Contracts and Grants

Below are descriptions of recently awarded contracts and grants for the study of hazards and disasters. An inventory of contracts and grants awarded from 1995 to the present (primarily those funded by the National Science Foundation) is available from the Natural Hazards Center’s web site:

Toward Improved Understanding of Warnings for Short-Fuse Weather Events. Funding: National Science Foundation, $422,951, 36 months. Principal Investigators: Eve Gruntfest and Charles Benight, Department of Geography, CoH 2021, University of Colorado–Colorado Springs, Colorado Springs, CO 80933; e-mail:
Modern infrastructures have a high degree of interdependency that makes them more vulnerable to human-caused disasters such as acts of terrorism. In assessing the vulnerability of a particular structure or system, it is important to analyze its influence on other infrastructures. The goal of this project is to develop a model capable of describing the risks inherent in our nation’s critical infrastructures. It will establish the theoretical bases under-lying the concept of risk interoperability in a system of interconnected structures, develop a risk model to address geographical and functional decomposition of a system of infrastructures, study the dynamics of disturbance, and provide a risk model to the electric power infrastructure.

Input-Output Risk Model of Critical Infrastructure Systems. Funding: National Science Foundation, $467,750, 36 months. Principal Investigators: Yacov Y. Haimes, Wei Li, James H. Lambert, and Barry M. Horowitz, Olson Hall, Room 112a, Engineering Systems/Information Engineering Department, University of Virginia, Charlottesville, VA 22904; e-mail:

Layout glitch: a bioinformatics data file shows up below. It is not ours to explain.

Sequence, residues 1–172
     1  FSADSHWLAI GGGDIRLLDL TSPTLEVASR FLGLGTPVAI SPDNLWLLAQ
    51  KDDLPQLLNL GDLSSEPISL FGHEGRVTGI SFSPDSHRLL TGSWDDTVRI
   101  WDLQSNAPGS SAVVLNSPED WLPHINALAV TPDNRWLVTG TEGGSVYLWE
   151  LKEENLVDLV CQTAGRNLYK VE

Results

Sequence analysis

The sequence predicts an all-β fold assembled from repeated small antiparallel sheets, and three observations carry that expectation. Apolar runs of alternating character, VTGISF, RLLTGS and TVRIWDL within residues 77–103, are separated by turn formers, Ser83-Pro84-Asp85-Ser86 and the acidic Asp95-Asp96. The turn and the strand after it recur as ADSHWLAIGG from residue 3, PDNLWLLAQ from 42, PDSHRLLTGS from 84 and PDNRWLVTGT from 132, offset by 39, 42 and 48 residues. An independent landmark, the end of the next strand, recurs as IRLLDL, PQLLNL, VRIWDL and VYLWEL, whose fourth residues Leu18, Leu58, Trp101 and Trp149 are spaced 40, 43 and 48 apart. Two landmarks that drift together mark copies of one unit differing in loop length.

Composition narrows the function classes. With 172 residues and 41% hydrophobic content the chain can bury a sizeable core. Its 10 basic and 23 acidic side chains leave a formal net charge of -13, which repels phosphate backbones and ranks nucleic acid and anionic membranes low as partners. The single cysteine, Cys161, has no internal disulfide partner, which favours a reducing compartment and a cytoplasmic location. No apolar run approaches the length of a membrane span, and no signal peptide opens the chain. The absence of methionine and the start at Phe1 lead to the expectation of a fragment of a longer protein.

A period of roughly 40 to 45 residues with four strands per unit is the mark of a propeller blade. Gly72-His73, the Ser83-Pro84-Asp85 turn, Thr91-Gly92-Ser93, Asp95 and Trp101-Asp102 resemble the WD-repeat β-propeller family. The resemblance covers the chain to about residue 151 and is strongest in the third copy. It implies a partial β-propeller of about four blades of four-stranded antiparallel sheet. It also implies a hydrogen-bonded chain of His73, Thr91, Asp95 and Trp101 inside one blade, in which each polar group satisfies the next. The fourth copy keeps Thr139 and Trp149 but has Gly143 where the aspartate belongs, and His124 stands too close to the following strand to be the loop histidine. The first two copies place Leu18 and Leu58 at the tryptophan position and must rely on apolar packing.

The meteorological and hydrological sciences have shown dramatic improvements in warning lead times, long-term model accuracy, and integrated real-time monitoring for short fuse weather events. Nevertheless, the social science research necessary to translate this new knowledge into improved responses to events is missing. A team of geographers and psychologists will work with forecasters and emergency managers in two case studies of Austin, Texas, and Denver, Colorado. Both are cities with high growth rates, substantial diversity, and significant disaster potential. Researchers will study public and private sources of warning information, examine how changing demography influences public responses to warnings, evaluate the use of new technologies for warnings, assess the construct of "false alarms," and evaluate the use of social cognitive theory in understanding how people respond to warnings.

An Integrated Study of Post-Flood Hydrology, Ecology, Politics, and Policy Change: A Cross-National, Urban Perspective. Funding: National Science Foundation, $29,970, 12 months. Principal Investigators: Binayak P. Mohanty and Eric Lindquist, 301 C Scoates Hall, Wisenbaker Engineering Research Center, Texas A&M University, College Station, TX 77843.
Natural disasters such as floods, earthquakes, and hurricanes have impacts far beyond their physical damage. The political impacts of disasters can be immediate, such as the need for federal disaster relief aid, or long-term, as in changes to long-standing land-use regulations. As a result of Tropical Storm Alison, Houston suffered over $5 billion in damages. Recently, the German city of Dresden and the Czech Republic city of Prague experienced similar disasters with losses in the billions of dollars. The similarity of these events provides an opportunity to understand how events such as urban flooding develop and propagate across scales and influence decision processes regarding physical infrastructure and subsequent changes in policy on an international level.

Experiences of Communities Employing a "No Adverse Impact" Approach to Floodplain Management. Funding: Public Entity Risk Institute, 12 months. Principal Investigator: Association of State Floodplain Managers, 4233 West Beltline Highway, Madison, WI 53711; (608) 274-0123; fax: (608) 274-0696; e-mail: